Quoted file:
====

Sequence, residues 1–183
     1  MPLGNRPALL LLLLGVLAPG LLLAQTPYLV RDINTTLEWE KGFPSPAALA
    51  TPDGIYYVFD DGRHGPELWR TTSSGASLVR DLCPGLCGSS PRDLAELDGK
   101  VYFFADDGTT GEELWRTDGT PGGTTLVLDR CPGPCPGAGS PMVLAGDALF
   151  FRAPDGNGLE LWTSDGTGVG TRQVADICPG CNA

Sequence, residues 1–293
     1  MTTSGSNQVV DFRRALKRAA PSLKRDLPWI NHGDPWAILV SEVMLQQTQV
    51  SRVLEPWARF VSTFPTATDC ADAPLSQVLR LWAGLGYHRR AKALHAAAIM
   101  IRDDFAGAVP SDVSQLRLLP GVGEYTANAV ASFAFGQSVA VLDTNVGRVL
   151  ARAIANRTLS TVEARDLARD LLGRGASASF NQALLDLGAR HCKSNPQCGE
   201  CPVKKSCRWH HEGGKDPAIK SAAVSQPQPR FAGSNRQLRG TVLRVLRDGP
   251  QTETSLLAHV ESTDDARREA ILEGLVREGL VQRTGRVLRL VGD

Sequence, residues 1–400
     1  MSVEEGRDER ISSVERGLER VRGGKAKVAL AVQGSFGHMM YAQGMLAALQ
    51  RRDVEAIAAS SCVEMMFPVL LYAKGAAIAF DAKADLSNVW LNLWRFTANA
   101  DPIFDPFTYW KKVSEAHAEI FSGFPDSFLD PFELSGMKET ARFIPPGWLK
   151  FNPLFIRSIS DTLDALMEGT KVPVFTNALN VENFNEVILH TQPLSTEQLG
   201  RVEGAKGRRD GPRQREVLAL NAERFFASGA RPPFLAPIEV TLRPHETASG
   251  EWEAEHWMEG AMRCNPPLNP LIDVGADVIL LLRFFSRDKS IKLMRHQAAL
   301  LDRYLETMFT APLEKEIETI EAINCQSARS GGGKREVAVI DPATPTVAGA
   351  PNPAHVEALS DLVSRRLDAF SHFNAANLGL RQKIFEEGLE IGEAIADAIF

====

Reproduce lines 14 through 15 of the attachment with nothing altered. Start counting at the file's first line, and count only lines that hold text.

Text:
     1  MSVEEGRDER ISSVERGLER VRGGKAKVAL AVQGSFGHMM YAQGMLAALQ
    51  RRDVEAIAAS SCVEMMFPVL LYAKGAAIAF DAKADLSNVW LNLWRFTANA